Mead ( /ˈmiːd/; archaic and dialectal "medd"; from Old English "meodu"), also called honey wine, is an alcoholic beverage that is produced by fermenting a solution of honey and water. It may also be produced by fermenting a solution of water and honey with grain mash, which is strained after fermentation. Depending on local traditions and specific recipes, it may be flavored with spices, fruit, or hops (which produce a bitter, beer-like flavor). The alcoholic content of mead may range from about 8% ABV to 18%. It may be still, carbonated or naturally sparkling, and it may be dry, semi-sweet or sweet.

Mead is known from many sources of ancient history throughout Europe, Africa and Asia, although archaeological evidence of it is ambiguous. Its origins are lost in prehistory. "It can be regarded as the ancestor of all fermented drinks," Maguelonne Toussaint-Samat has observed, "antedating the cultivation of the soil."

Claude Lévi-Strauss makes a case for the invention of mead as a marker of the passage "from nature to culture." Mead has played an important role in the beliefs and mythology of some peoples. One such example is the Mead of Poetry, a mead of Norse mythology crafted from the blood of the wise being Kvasir which turns the drinker into a poet or scholar.

Read more about MeadHistory, Etymology, Distribution, Varieties, Festivals, In Literature

Other articles related to "mead":

Mead, Ontario
... Mead is a siding along the Algoma Central Railway in the Canadian province of Ontario, located in the unincorporated geographic township of Lowther in Cochrane District ... Along with a few isolated farms, the only other building at Mead is a former forestry company, which is at the southern terminus of Highway 583 ... Mead is counted as part of Cochrane, Unorganized, North Part in Canadian census data ...
Cato Mead
... Cato Mead (ca ... to historian Barbara MacLeish, who is researching a book on Mead, he joined the 4th Connecticut Regiment commanded by Col ...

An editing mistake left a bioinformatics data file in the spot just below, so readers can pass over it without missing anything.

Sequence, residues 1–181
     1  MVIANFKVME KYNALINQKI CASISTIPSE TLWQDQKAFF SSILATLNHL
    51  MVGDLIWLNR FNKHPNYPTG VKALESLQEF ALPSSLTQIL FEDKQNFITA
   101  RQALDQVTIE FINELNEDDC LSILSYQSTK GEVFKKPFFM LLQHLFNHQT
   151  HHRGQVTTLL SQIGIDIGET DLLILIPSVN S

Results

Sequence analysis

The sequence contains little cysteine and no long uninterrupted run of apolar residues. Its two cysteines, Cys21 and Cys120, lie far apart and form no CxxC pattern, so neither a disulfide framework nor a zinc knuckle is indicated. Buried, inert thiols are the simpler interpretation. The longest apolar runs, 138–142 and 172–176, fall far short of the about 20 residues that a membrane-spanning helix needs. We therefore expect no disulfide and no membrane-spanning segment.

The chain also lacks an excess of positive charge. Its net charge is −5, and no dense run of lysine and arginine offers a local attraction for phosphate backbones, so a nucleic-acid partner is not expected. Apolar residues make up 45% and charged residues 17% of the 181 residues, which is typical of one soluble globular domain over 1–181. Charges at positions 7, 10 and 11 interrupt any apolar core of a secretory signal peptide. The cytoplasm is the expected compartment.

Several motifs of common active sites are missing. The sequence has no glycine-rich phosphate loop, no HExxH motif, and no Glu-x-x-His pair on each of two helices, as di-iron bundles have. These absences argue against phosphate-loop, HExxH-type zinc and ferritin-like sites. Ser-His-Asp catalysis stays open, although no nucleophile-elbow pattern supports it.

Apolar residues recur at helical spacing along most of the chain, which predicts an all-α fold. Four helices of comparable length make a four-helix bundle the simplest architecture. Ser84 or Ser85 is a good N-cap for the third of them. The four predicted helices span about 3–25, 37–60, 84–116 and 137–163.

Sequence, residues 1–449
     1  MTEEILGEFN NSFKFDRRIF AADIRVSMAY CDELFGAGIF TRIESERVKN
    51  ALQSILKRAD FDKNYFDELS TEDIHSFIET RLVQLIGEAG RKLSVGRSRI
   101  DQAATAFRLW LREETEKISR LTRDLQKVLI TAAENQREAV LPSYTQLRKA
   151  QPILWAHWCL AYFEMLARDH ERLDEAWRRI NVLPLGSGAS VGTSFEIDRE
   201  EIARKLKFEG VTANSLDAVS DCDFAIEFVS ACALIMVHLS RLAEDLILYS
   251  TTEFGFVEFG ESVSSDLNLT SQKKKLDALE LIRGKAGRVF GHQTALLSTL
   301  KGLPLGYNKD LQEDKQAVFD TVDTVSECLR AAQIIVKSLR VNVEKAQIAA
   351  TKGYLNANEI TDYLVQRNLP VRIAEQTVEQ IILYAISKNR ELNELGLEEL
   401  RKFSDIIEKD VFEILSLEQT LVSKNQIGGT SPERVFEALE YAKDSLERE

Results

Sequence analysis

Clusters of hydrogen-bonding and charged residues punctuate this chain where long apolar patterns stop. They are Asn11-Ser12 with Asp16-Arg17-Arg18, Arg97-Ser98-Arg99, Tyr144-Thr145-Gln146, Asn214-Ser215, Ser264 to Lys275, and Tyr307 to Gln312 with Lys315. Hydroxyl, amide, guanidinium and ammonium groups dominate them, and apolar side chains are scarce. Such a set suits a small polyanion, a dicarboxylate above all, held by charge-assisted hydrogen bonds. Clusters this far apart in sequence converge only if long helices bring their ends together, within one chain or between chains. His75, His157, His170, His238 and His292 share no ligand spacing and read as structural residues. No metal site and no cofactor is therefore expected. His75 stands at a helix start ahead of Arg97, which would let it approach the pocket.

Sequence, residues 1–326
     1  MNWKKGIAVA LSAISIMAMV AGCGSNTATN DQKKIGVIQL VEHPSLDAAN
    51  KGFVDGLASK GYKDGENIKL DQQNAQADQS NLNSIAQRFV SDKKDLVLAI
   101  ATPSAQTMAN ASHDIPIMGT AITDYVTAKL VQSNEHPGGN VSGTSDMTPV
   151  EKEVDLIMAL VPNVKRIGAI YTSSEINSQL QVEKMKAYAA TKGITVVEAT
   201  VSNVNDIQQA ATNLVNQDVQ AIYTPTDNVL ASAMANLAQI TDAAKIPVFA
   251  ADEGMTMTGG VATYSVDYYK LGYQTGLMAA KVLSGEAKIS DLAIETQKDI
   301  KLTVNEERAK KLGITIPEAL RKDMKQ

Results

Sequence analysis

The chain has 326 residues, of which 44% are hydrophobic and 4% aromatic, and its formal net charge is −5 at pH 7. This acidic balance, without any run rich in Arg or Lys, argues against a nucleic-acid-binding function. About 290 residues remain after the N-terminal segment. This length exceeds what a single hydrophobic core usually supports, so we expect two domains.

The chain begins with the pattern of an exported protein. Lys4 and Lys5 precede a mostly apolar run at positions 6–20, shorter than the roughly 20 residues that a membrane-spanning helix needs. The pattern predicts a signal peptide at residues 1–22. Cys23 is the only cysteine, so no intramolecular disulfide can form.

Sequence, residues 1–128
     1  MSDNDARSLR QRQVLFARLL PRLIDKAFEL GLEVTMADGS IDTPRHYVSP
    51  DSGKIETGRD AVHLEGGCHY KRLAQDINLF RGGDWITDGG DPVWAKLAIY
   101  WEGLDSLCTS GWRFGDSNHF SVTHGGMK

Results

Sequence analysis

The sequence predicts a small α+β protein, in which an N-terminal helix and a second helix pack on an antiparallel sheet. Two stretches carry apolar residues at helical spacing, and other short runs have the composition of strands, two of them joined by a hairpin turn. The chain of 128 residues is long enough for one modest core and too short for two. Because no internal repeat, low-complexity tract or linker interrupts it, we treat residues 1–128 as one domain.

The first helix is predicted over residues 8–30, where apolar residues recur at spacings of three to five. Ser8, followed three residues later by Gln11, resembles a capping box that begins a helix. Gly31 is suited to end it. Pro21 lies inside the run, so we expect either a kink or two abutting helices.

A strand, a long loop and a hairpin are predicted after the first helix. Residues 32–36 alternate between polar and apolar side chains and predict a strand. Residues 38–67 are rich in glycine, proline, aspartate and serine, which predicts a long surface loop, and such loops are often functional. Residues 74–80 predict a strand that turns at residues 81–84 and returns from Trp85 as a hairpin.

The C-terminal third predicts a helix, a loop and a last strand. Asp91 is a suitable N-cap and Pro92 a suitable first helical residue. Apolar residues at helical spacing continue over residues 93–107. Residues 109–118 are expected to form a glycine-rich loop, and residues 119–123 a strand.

Sambhavna Trust - Awards
... humanitarian work and excellence in deed” – September 2001 MEAD Award by Margaret Mead Centennial Committee of the Institute for Intercultural Studies, New ... This International Award honors that reflect Margaret Mead’s statement “Never doubt that a small group of thoughtful, committed citizens can change the world” – January 2002 ...
The Steel Bayonet - Plot
... foot for the farm on the way they are joined by Captain Dickie Mead and his signaller, Ames ... the water tower and its ladder in clear view, Mead decides to wait until just before dawn to climb the tower while it is still dark ... The next day Mead uses the his position to target the artillery onto the German forces, all is going well until the Germans send out a reconnaissance patrol to pin point the observation post, which Gerrard's men ...
Steven Mead
... Steven Mead (born 1962, Bournemouth, England) is an English virtuoso euphonium soloist and teacher who has played an important role in achieving worldwide recognition of the instrument ... Mead performs over 75 concerts per year ... Euphonium Concerto were all written expressly for Mead ...

Famous quotes containing the word mead:

    Coming to terms with the rhythms of women’s lives means coming to terms with life itself, accepting the imperatives of the body rather than the imperatives of an artificial, man-made, perhaps transcendentally beautiful civilization. Emphasis on the male work-rhythm is an emphasis on infinite possibilities; emphasis on the female rhythms is an emphasis on a defined pattern, on limitation.
    —Margaret Mead (1901–1978)

    Mead had studied for the ministry, but had lost his faith and took great delight in blasphemy. Capt. Charles H. Frady, pioneer missionary, held a meeting here and brought Mead back into the fold. He then became so devout that, one Sunday, when he happened upon a swimming party, he shot at the people in the river, and threatened to kill anyone he again caught desecrating the Sabbath.
    —For the State of Nebraska, U.S. public relief program (1935-1943)

    It is an open question whether any behavior based on fear of eternal punishment can be regarded as ethical or should be regarded as merely cowardly.
    —Margaret Mead (1901–1978)